Alumnus is both artist and entrepreneur

As a contemporary jewelry designer, Todd Moore (BA ’95) takes an iconoclastic approach — attempting to remove all limitations to his creativity.

This push beyond the ordinary first led Moore to jewelry making. He apprenticed in Bozeman, Mont. — somewhere he never considered until a dream pointed him to the state with the fitting motto “Oro y Plata,” or “Gold and Silver.”

While camping on the beach in Western Australia with his wife — then pregnant with their first child — Moore says he had both waking and sleeping dreams that encouraged him to move to Montana.

“Really no logic to it, just a gut feeling,” he says.

After the birth of their son the family moved to Bozeman. There, Moore discovered his passion for working with metals. Moore’s wife is from Western Australia, and their family returned there after Moore completed his apprenticeship in Montana.

He now he has a successful jewelry design company, Ulyquin Design, based out of Denmark, Western Australia.

Moore says his fascination with art led him to a variety of creative endeavors, including 20 years as an accomplished drummer and a degree in ceramics from the University of Denver.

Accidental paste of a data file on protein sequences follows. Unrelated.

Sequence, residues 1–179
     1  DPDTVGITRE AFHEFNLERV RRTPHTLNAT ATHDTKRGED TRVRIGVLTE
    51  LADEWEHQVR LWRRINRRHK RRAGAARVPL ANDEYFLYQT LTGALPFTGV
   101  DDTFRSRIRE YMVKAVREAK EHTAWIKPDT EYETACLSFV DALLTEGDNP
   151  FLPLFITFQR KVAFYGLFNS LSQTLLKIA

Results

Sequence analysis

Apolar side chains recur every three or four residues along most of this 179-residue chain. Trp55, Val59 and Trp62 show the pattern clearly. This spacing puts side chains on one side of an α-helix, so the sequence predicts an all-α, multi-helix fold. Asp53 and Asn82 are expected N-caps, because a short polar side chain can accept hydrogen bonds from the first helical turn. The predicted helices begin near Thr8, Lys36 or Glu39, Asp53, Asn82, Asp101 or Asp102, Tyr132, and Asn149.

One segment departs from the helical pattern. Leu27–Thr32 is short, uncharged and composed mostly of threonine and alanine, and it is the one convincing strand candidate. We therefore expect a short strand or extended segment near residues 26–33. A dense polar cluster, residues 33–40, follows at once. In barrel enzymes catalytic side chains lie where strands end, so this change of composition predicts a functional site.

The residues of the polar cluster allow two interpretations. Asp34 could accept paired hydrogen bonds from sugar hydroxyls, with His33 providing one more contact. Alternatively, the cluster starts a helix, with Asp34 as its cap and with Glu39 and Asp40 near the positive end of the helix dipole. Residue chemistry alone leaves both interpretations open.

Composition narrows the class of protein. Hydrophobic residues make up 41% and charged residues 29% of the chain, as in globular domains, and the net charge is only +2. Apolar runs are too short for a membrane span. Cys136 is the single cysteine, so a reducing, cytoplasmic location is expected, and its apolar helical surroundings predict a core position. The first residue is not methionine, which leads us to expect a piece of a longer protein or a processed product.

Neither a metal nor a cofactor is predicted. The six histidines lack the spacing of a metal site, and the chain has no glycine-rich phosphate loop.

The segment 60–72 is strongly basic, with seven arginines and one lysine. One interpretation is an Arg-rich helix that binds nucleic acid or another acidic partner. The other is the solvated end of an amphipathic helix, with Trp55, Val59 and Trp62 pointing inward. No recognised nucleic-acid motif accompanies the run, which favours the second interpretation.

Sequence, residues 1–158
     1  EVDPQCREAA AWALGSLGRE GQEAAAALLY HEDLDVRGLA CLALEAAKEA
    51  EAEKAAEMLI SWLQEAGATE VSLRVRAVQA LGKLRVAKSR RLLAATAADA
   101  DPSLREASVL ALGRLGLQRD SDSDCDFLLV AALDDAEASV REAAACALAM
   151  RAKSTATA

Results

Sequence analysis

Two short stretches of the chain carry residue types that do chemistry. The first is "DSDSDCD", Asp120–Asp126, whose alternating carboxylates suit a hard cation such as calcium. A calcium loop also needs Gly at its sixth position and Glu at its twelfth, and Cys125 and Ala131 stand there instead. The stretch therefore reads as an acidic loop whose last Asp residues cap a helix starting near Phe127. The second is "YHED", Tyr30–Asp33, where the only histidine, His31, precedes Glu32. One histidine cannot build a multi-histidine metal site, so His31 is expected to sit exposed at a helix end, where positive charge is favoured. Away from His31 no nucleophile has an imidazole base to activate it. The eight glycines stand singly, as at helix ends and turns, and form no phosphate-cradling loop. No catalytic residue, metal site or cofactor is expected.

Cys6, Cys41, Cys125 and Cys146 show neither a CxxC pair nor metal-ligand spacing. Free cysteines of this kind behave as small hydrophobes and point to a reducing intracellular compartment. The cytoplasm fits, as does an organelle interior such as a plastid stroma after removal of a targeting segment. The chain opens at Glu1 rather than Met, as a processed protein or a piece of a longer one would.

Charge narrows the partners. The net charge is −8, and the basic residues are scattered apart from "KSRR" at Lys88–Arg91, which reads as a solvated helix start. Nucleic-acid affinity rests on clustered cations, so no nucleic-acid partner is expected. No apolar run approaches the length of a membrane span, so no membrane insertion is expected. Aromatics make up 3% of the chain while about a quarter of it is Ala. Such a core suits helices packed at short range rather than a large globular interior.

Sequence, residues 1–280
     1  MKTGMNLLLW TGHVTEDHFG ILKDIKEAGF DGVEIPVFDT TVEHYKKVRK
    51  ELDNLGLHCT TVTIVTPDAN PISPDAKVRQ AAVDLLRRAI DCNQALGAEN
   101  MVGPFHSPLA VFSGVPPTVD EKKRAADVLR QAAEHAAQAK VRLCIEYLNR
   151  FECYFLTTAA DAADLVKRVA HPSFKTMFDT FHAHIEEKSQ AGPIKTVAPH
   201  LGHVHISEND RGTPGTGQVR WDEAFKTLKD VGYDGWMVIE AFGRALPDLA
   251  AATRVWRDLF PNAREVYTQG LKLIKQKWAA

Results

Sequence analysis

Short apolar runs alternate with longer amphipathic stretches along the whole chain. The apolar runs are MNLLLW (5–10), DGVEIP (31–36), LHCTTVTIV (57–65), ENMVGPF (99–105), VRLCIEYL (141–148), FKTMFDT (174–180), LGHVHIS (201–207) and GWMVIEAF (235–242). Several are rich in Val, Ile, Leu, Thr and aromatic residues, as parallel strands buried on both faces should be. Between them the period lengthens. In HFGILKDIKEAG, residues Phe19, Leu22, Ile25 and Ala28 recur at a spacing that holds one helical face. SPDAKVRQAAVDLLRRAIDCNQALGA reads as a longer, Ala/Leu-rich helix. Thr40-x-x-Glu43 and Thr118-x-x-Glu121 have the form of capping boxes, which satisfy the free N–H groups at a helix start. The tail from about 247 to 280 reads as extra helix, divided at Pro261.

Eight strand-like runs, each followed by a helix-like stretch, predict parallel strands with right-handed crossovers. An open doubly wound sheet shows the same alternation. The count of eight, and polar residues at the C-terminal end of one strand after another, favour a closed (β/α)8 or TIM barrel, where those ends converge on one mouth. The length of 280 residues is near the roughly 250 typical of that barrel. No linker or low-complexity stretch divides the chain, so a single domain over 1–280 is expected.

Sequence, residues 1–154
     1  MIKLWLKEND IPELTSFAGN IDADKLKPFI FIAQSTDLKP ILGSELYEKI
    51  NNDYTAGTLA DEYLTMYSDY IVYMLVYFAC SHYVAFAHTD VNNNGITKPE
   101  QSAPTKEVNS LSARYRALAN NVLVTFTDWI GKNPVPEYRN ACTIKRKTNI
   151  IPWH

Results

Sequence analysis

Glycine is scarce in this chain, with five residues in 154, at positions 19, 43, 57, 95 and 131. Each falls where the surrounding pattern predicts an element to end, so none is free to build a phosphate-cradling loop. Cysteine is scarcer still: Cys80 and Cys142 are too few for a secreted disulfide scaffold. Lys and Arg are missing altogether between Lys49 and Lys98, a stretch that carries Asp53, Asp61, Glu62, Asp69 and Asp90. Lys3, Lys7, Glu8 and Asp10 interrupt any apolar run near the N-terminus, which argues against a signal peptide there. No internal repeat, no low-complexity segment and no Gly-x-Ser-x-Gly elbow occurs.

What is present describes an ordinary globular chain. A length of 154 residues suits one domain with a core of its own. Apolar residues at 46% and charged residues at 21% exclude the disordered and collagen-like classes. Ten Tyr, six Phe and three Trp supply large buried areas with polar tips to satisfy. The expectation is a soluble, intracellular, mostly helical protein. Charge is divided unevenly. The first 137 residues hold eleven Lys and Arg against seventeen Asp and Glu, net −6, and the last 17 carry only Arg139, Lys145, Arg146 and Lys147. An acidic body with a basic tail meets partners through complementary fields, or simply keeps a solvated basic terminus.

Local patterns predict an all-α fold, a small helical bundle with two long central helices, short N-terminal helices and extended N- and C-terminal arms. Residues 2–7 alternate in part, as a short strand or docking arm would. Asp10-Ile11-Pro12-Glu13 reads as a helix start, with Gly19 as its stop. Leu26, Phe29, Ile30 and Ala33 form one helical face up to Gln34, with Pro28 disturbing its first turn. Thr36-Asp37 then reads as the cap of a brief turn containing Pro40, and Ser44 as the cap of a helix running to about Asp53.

When it comes to jewelry making, Moore was attracted by the creative possibilities metal offers. As opposed to traditional jewelry, which he says is “steeped in commodity,” contemporary jewelry is “all about the process used and the idea of the expression, not the actual final product.

“Certainly I work in silver, gold and platinum, but it is the various properties of those metals that excite me, not the price,” he says. “My process is all about forward-thinking jewelry, personal adornment and art.”

Turning that creativity in a viable business, however, was more challenging than making the jewelry, he says.

Paul Laesecke, a hospitality senior lecturer and director of DU’s Creativity and Entrepreneurship Living and Learning Community, says creative people often struggle with becoming successful entrepreneurs. The community pairs business and art students so they can complement each other’s strengths and weaknesses.

Moore found entrepreneurial success through his niche in Western Australia.

“Innovation and growth are happening here,” he says. “Some of my peers are doing some magical things and it is a pleasure to be associated.”

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